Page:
In Wolfram Alpha entry 1 the following is claimed to be true:

$$\lim_{n\to \infty } \left(\sum _{k=1}^n \log (2 k)-\sum _{k=1}^{n+\frac{1}{2}} \log (2 k-1)\right)=\frac{1}{2} \log \left(\frac{\pi }{2}\right)$$

What is the meaning of adding a fraction like $\frac{1}{2}$ in the upper summation limit in the second sum, inside the limit?

Is it a bug a or a feature?

Compare to Wolfram Alpha entry 2 where the fraction $\frac{1}{2}$ in the upper summation limit of the second sum has been left out:

$$\lim_{n\to \infty } \left(\sum _{k=1}^n \log (2 k)-\sum _{k=1}^{n} \log (2 k-1)\right)=\infty$$

I get the same results in Mathematica 8.0.1:

Limit[Sum[Log[2*k], {k, 1, n}] - Sum[Log[2*k - 1], {k, 1, n + 1/2}], 
 n -> Infinity]
Limit[Sum[Log[2*k], {k, 1, n}] - Sum[Log[2*k - 1], {k, 1, n}], 
 n -> Infinity]

and as well as:

Limit[Sum[Log[2*k], {k, 1, n - 1/4}] - Sum[Log[2*k - 1], {k, 1, n + 1/4}], n -> Infinity]
Limit[Sum[Log[2*k], {k, 1, n}] - Sum[Log[2*k - 1], {k, 1, n + 1/4}], n -> Infinity]

The only support I was able to find in the documentation for Sum is:

"The limits of summation need not be numbers. They can be Infinity or symbolic expressions."

  • 1
    $\begingroup$ The series is absolutely divergent. A sum depends on the order of summation, here powitive and negative seperately. A numerical approximation tests convergence on the last summands. That is of course nonsense for the differenence of to diverging sums. Any plot for the expression shows an alternating, log-divergent step function. Just set n=2m and n=2m+1. $\endgroup$
    – Roland F
    Jun 4, 2023 at 15:02

2 Answers 2


Evaluate the sums without Limit, so that you understand what limit is being computed. The problem has nothing to do with Limit. It's a bug in Sum[].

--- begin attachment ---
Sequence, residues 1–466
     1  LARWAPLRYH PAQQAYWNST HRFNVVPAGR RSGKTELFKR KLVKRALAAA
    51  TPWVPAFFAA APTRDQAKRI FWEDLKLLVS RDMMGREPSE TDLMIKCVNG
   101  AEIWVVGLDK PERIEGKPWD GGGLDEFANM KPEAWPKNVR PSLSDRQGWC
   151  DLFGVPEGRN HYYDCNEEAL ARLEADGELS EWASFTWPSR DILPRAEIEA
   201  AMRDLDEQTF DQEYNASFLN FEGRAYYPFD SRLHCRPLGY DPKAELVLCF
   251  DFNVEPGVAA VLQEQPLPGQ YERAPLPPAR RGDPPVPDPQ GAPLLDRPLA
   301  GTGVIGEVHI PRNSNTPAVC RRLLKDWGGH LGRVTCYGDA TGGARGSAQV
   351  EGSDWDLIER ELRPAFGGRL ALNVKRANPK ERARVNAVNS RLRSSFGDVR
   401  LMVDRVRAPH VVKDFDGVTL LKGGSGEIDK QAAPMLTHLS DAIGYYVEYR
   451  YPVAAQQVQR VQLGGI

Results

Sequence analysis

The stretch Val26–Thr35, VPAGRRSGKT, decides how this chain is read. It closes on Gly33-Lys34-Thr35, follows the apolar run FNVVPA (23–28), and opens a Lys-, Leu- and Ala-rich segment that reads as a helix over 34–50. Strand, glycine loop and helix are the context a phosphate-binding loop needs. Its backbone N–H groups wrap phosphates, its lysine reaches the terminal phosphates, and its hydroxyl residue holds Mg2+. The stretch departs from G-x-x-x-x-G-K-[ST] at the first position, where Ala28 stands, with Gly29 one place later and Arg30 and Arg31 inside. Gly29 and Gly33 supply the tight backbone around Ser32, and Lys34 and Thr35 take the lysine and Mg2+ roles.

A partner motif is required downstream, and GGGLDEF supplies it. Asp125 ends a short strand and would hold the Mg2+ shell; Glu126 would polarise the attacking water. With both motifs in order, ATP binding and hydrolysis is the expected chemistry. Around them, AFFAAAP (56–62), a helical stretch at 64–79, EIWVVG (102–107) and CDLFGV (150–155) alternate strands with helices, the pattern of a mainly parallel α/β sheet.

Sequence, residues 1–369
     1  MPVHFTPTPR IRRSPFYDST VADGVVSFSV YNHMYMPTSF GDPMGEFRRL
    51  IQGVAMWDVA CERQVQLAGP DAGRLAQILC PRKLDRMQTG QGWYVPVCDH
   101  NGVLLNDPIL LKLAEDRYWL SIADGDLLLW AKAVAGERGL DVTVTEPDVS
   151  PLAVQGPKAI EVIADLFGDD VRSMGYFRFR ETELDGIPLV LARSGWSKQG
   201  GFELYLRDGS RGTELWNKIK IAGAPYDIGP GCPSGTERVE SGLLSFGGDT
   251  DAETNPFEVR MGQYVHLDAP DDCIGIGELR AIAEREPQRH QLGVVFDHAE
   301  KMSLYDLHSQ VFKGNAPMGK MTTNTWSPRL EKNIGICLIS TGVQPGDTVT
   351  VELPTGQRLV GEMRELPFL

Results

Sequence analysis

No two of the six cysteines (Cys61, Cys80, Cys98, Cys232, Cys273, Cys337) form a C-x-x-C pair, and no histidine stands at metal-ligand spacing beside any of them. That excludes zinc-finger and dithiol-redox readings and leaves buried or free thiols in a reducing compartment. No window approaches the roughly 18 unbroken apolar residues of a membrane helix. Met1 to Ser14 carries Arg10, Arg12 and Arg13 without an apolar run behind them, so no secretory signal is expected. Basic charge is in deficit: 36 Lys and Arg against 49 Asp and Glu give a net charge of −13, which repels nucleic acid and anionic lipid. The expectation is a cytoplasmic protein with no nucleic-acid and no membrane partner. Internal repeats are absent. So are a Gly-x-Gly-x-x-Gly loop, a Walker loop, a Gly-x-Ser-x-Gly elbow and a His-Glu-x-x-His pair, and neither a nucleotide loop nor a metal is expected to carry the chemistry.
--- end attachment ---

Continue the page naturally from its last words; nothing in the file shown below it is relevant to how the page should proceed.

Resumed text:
Sum[Log[2*k - 1], {k, 1, a}]
% /. a -> n + 1/2
% == Sum[Log[2*k - 1], {k, 1, n + 1/2}]
Log[2^a Pochhammer[1/2, a]]
Log[2^(1/2 + n) Pochhammer[1/2, 1/2 + n]]

Arguably, it's a "bug" in the user input. A full specification at least has non-erroneous behavior (does not evaluate):

Sum[Log[2*k - 1], {k, 1, n + 1/2}, 
 Assumptions -> n \[Element] Integers]
Sum[Log[-1 + 2 k], {k, 1, 1/2 + n}, 
 Assumptions -> n \[Element] Integers]
  • 2
    $\begingroup$ Note DiscreteLimit[ Sum[Log[2*k], {k, 1, n}] - Sum[Log[2*k - 1], {k, 1, n + 1/2}], n -> Infinity] returns 1/2 Log[\[Pi]/2] which can more forcefully be argued to be a bug. However DiscreteLimit[ Sum[Log[2*k], {k, 1, n}] - Sum[Log[2*k - 1], {k, 1, n + 1/2}], n -> Infinity, Assumptions -> n \[Element] Integers] does not evaluate, even though the sums evaluate as above. $\endgroup$
    – Michael E2
    Jun 7, 2023 at 3:06
  • $\begingroup$ It is a bug since n+1/2 is the same as n when you go to Infinity also it makes no sense unless it rounds so 1 + 1/2 = 1.5 = 2.0 or it sums from 1.5: 1.5, 2.5, 3.5, ... $\endgroup$ Jun 8, 2023 at 3:25
  • $\begingroup$ @ВалерийЗаподовников Isn't the Sum[...] correct if n + 1/2 is an integer? There's is nothing in the input of the sum to n + 1/2 that says that n is an integer. $\endgroup$
    – Michael E2
    Jun 8, 2023 at 5:19
  • $\begingroup$ If n + 1/2 is an integer then the other sum that also has n will not be an integer. That is the same n. $\endgroup$ Jun 8, 2023 at 5:24
  • $\begingroup$ @ВалерийЗаподовников Sum[Log[2*k - 1], {k, 1, n + 1/2}] is computed independently from Sum[Log[2*k], {k, 1, n}]. There is nothing that ties the two instances of n together. They are computed before Limit is called. To me, the point is that the computation does not reflect the standard interpretation of the mathematical statement in the OP's first TeX formula. $\endgroup$
    – Michael E2
    Jun 8, 2023 at 14:19

Limit is assuming that n is continuous, and so the sums are simplified to give results for non-integers. You can see this with TracePrint, it eventually evaluates:

Log[2^n Pochhammer[1,n]]-Log[2^(1/2+n) Pochhammer[1/2,1/2+n]]

This function does converge. However, it doesn't equal the sums for any n (the first Log[...Pochhammer... agrees with the first sum on $\mathbb Z$, and the second agrees with the second sum on $\mathbb Z+\frac12$, but together they don't agree anywhere).

first sum second sum

I don't know how to make the Limit evaluate if you explicitly write Floor[n+1/2] in the bound, but Roland's comment is correct.

The story is the same for your other functions (although the last pair diverges even after 'continuousization').


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